Newgrange winter solstice 2019

Newgrange winter solstice

Newgrange winter solstice is upon us again. Newgrange is probably the best known megalithic monument in Ireland, with its most famous feature the illumination of the inner passage during the mornings of the winter solstice.

Newgrange winter solstice is a sight not to be missed. The winter solstice in the northern hemisphere is just around the corner. For the last three years, it has happened on the 21st of December, but this year it is going to fall on the 22nd of December. 

The solstice is the shortest day of the year in the northern hemisphere when the Sun’s position and its angle of inclination related to the Earth make the point of the South Pole tilt closest to the Sun. The Sun’s rays are directly overhead at the Tropic of Capricorn. The opposite of the Solstice is the Equinox. The equinox happens in March, around March 21st, and in September, around September 23rd. These are the days when the Sun is exactly above the Equator, which makes day and night of equal length. If the Solstice is the start of the winter, the Equinox is the start of the spring.

Ireland and the Solstice

In the county of Meath, at Newgrange in Ireland’s Ancient East, there is a lot of competition to be among the few lucky believers looking to celebrate the start of the new year. Newgrange is one of the oldest megaliths from the Neolithic period, dating from circa 3,200 BC, making it older than the Pyramids in Egypt and Stonehenge in England. To the Neolithic culture of the Boyne Valley, Brú na Bóinne in Gaelic, the winter solstice marked the start of the new year. 

Newgrange is a large circular mound with an inner stone passageway and chambers. The fact of human bones was found in these chambers, made archaeologists classify it as a possible tomb. However, this is not the reason for the fascination which motivates people from everywhere on the island, and as well from all over the world, to apply for an opportunity to spend one day in the unique and remarkable monument.

The entrance to the passage and chamber is aligned with the rising sun on the mornings around the winter solstice. On these mornings light shines through a “roofbox”, a specially constructed opening above the doorway, and the inner passageway and chambers are flooded with sunlight. However, due to the restrictions of the construction, only a limited number of people are able to witness this spectacle each year.

At Newgrange, the round tomb has many stones covered with fine examples of megalithic art. The main stone located at the entrance to the passage is well known for its particular Celtic symbols. Researchers classified the carvings into ten categories, five of which are curvilinear (circles, spirals, arcs, serpentine forms, and dot-in-circles) and the other five of which are rectilinear (chevrons, lozenges, radials, parallel lines, and offsets). They are also believed to have some sort of symbolic purpose.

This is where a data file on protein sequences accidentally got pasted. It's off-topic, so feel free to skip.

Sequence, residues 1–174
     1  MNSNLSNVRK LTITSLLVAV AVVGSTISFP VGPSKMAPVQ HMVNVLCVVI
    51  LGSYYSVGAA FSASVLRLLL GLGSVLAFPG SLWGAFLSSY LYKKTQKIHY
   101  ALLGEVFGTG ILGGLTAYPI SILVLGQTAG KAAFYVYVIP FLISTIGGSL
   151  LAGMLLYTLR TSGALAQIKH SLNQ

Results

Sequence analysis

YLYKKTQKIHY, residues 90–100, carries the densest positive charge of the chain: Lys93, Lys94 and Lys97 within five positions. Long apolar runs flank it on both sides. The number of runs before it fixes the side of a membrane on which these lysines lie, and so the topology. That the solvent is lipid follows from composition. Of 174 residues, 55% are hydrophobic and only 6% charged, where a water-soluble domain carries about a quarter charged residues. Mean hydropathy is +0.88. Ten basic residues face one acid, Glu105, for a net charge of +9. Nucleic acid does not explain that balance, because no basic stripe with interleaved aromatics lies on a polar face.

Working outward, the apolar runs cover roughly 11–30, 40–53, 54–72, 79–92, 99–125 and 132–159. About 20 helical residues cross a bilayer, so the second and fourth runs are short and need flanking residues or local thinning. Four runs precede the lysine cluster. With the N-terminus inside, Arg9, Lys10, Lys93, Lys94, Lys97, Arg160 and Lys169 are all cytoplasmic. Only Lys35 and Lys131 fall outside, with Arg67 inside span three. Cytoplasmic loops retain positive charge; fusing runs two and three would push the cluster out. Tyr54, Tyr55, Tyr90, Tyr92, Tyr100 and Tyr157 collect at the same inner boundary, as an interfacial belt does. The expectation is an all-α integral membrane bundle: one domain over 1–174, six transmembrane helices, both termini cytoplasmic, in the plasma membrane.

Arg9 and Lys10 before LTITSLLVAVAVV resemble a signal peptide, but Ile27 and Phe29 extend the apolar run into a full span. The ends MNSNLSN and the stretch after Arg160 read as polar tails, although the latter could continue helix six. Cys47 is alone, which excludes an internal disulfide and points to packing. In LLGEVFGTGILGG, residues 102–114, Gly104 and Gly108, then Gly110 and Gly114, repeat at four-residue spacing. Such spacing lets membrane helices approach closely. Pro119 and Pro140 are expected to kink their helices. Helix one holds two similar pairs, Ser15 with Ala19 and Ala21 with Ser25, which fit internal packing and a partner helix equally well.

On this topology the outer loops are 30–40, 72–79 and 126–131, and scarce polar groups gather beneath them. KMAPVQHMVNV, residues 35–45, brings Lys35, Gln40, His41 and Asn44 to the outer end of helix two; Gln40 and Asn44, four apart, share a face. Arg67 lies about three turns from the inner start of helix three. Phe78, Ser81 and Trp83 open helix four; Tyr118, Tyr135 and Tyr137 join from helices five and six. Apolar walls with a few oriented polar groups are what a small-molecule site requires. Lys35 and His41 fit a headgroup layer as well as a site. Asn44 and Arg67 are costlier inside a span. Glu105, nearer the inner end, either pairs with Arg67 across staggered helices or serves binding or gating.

There is a lot of mysticism and religiosity around Newgrange and the surrounding Brú na Bóinne area. Irish mythology and history is strongly connected to the site, which consists of a triangle hills where the old Irish kings used to live. The places Dowth, Knowth and Newrange are the three sacred spots for the Irish Gaelic culture. Newgrange is the most famous because of its popularity with tourists, after being rebuilt in the late 1960’s. According to Celtic culture, a nearby place called the Hill of Tara was Ireland’s political and spiritual capital. The “King of Tara” represented a very old ideal of sacred kingship in Ireland. Tara continued to be the nominal seat of kingship until it was abandoned in 1022. In Gaelic, Tara is Teamhair, and the name may refer to the burial mound of Tea, ancestor queen and goddess of the Celts. The Hill is the original home of the festival of Samhaim, which today is celebrated as Halloween. 

Hill of Tara

Applying for Newgrange winter solstice

The selection for a place to watch the magnificent Newgrange winter solstice is made by lottery. This year, children from three local schools have chosen the applicants, who were notified in late October. The place is non-transferable. Between 18th and 23rd of December, lucky sixty people will be having the unique opportunity of visiting the site. You can apply at the website, within 6 months advance.

Solstice winter light

If you have a wild spirit and are willing to get in touch with historical Irish places and culture, bring a coat, have a comfortable pair of shoes and jump down Brú na Bóinne. The well-known hospitality of these people will probably offer you that special adventure that is really worth a try!

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Fernanda Otero

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